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of the most significant concern; graffiti, 14% is also significant concern but that is really just one piece of data for us and one of the things we are here to hear from you today is how to understand this information. is this it? i don't think so. i think you have other ideas that you want to share with us. finally i stood know who is up here listening today; we have a bunch of city department heads here, several in the audience. police department over in the corner; if you would raise your hand when you share your department's name, office of economic workforce development; the department of public works up in the front -- mendoza,
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the fire department, the mayors office of disability, human services agency, housing authority, the mayor's office of housing, supervisors in mayor, supervisor of the parks department. the pardon of emergency management; the city librarian, public health department, mta, health support services, juvenile probation department; i also see -- did i miss anybody? ann hinton from the department of adult services. without further ado alternate over to supervisor farrell.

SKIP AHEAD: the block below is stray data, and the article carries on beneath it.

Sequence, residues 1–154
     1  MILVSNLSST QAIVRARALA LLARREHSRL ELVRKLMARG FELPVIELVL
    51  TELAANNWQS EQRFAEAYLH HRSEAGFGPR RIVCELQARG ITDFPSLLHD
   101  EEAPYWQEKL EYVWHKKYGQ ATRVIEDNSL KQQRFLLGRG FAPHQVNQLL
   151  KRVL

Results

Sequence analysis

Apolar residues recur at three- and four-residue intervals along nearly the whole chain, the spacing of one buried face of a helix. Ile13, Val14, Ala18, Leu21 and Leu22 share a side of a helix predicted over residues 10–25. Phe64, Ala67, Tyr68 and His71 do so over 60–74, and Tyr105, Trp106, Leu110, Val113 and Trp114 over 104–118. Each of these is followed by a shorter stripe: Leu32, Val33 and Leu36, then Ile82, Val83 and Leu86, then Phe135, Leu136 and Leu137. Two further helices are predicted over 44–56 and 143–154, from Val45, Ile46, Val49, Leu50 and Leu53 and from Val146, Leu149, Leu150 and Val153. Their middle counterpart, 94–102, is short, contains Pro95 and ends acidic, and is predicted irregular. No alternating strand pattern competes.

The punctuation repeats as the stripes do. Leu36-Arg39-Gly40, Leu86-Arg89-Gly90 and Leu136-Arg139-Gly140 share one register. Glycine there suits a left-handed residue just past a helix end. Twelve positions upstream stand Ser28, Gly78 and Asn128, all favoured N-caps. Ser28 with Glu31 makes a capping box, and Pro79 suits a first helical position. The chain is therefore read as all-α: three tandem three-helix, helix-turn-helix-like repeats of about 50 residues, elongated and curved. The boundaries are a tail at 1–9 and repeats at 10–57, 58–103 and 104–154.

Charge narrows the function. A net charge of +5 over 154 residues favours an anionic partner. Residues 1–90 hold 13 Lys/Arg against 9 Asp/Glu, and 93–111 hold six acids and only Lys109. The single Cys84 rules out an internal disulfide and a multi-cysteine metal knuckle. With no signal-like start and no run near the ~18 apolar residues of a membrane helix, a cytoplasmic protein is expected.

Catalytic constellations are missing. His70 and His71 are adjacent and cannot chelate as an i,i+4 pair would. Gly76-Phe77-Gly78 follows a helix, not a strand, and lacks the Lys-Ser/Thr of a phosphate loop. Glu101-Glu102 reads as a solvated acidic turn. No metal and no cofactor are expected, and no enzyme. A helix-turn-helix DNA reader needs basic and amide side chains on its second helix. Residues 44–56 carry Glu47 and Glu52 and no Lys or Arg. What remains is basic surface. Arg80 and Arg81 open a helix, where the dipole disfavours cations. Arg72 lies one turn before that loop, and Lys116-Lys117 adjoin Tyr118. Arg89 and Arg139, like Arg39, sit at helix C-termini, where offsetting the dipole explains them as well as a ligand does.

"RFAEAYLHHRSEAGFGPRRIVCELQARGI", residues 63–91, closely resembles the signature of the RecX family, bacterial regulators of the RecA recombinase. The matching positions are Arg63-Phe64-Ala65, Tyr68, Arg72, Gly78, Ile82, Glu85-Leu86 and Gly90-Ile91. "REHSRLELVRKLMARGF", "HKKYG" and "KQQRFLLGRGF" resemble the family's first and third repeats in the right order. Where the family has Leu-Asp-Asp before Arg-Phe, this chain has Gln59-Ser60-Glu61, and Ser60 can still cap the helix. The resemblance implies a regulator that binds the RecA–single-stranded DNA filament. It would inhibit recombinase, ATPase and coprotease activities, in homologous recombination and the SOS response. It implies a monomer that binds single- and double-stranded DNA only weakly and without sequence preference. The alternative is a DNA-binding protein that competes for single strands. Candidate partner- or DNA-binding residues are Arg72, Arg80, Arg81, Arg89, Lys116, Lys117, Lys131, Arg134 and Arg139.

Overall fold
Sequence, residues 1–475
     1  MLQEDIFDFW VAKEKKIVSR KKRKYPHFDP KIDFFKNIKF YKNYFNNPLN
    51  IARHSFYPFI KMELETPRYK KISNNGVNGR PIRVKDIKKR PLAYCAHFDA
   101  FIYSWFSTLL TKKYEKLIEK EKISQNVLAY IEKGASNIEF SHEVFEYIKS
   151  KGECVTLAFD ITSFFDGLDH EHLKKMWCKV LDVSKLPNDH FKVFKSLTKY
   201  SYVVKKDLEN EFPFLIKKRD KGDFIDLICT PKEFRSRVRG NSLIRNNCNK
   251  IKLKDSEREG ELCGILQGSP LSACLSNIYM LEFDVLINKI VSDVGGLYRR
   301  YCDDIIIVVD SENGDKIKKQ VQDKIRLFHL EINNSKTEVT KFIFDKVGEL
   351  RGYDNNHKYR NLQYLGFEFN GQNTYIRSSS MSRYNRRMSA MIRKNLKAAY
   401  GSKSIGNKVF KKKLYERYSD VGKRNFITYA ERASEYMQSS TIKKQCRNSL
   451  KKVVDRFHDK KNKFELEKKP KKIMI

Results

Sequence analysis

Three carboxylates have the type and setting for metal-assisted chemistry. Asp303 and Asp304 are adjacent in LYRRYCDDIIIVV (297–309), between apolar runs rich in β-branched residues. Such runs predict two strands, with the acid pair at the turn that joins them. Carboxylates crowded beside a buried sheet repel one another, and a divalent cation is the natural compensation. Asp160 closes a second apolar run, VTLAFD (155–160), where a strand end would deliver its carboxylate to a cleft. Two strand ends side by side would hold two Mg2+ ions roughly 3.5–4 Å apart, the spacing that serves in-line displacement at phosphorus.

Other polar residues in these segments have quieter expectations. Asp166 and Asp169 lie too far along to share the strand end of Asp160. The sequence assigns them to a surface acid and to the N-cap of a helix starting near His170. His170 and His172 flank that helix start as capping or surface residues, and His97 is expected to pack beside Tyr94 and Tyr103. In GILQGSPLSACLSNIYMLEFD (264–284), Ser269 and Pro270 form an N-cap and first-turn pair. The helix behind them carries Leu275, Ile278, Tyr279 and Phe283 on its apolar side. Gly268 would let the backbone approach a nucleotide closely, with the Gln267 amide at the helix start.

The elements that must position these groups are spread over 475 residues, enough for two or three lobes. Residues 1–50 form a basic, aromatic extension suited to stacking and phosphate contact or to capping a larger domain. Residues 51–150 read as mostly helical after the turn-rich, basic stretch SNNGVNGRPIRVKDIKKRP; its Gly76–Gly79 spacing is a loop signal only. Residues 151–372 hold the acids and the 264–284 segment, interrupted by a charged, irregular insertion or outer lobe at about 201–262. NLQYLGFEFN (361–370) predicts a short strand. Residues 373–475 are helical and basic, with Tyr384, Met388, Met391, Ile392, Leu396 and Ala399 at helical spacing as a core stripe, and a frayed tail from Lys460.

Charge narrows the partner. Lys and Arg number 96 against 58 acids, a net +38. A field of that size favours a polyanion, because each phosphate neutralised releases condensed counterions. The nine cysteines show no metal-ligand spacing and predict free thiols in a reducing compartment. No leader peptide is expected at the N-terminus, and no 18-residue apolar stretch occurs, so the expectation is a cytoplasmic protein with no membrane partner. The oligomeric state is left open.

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>> for those of you don't know kate is spending late nights and weekends at the mayor's office getting the budget together. we are going to ask the folks from district two to come up first. first i would like to ask the friends of mountain lake park group. there will be two committee groups from district two and two from the six three, each will have four minutes. hi guys. >> good morning mayor lee, good morning everybody on the panel. excuse i will try to project. thanks for giving us the